The House of God or The Tower?

That its name was changed from the House of God to the Tower is a good indication that this was one of the more misunderstood cards in the majors of the Marseille Tarot. Firstly, let me put the House fo God card into context. It sits between cards XII and XV, the Fool’s journey through the Dark Night of the Soul, and cards XVII and XX, the Fool’s journey through the Treasury of Light. The last card in the Dark Night ‘four’ is the Devil, who we see holding a flaming sword (typical of the standard canon of the Marseille Tarot). One of the very few references to a flaming sword was when God placed it, along side Cherubim at the Eastern Gate of the Garden of Eden (another name for the House of God, the place where God resides).


They were gatekeepers, who were to test that Adam and Eve qualified to enter back into the presence of God. This would suggest that a deep appreciation of the role and meaning of the flaming sword is essential if one was seeking en-light-enment or everlasting life. How many Sunday sermons did you hear on how to pass the tests of the flaming sword and the Cherubim?


Sorry to go biblical so much in this post, but this is what the Cathar were all about. There is a story of young man who approached Jesus and asks him what he has to do to obtain eternal life (the kingdom of Heaven). Basically, Jesus tells him to obey all of the commandments (ie the Ten Commandments). The young man replies, “All these things have I done from my youth up: What lack I yet?” Then Jesus says, “If you will be perfect, go and sell all that you have, and give to the poor, and you will have treasure in heaven: come and follow me.” When the young man heard this, he went away sorrowful because he has many possessions. (Matthew 19:20-22)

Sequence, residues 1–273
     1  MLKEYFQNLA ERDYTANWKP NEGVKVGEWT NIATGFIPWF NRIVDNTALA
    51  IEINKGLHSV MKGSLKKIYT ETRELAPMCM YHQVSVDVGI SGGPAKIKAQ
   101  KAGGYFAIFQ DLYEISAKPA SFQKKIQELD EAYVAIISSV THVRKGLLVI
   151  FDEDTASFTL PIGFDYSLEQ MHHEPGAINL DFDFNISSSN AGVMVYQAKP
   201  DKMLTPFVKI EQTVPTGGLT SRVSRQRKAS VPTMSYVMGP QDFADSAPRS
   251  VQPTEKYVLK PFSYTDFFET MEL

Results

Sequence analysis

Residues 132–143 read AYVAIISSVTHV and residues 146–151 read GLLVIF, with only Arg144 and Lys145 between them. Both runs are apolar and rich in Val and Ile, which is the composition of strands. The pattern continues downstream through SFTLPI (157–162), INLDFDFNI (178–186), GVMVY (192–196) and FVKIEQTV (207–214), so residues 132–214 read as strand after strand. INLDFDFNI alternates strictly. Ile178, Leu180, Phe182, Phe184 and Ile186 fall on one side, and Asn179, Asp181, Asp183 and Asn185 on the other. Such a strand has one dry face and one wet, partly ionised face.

Jesus goes one step further, and here we see the significance of the sword. “I came not to send peace, but a sword...He that loves his father or mother more than me is not worthy of me: and he that loves his son or daughter more than me is not worthy of me.” (Matthew 10:34,37) So in summarising the level of detachment required here Jesus says, “And everyone that has forsaken houses, or brothers, or sisters, or father, or mother, or wife, or children, or lands, for my name’s sake shall receive a hundredfold, and shall inherit everlasting life.” (Matthew 19:29)


Some Cathar context here. The Cathar did not teach that Jesus was a saviour, to them he was an exampler. That said, they recognised that it was Christ consciousness that would save them, and so when these scriptures refer to loving father, mother, son or daughter, ‘more than me’, from the Cathar perspective that wasn’t about Jesus, but Christ consciousness. So, the House of God card is essentially depicting the Fool relinquishing his attachments to special relationships (the people falling out of the tower) and the crown, which symbolised wealth, power and fame. In his Sermon on the Mount, Jesus explains why this is so necessary. “No man can serve two masters: for either he will hate the one, and love the other; or else he will hold to the one, and despise the other. You can’t serve God and mammon.” (Matthew 6:24)


Human consciousness has to be converted to Christ consciousness if the Fool is to enter the Treasury of Light (cards XVII - XX). The ‘tower’ represents the bricken construct of one’s life that is defined by how much wealth, power, love, and fame one has that will have to be sacrificed if you want to adopt Christ consciousness. You can’t serve God and mammon.


Now, this leads to an bit of a conundrum, because if you were making the sacrifice (on an alter for example) the flames would be going up. This was the significance of the alters in the Court of the Congregation, the forecourt to the Jewish temple. It doesn’t make sense that God would be the one striking your tower of human attachments. God already did their bit by exposing the Fool to Justice, Time and Chance. It’s interesting that in the Noblet cards, the flames are coming from the building and reaching up to the sun, and not the other way around. The other conundrum is, if the building represents the constructs of the Fool as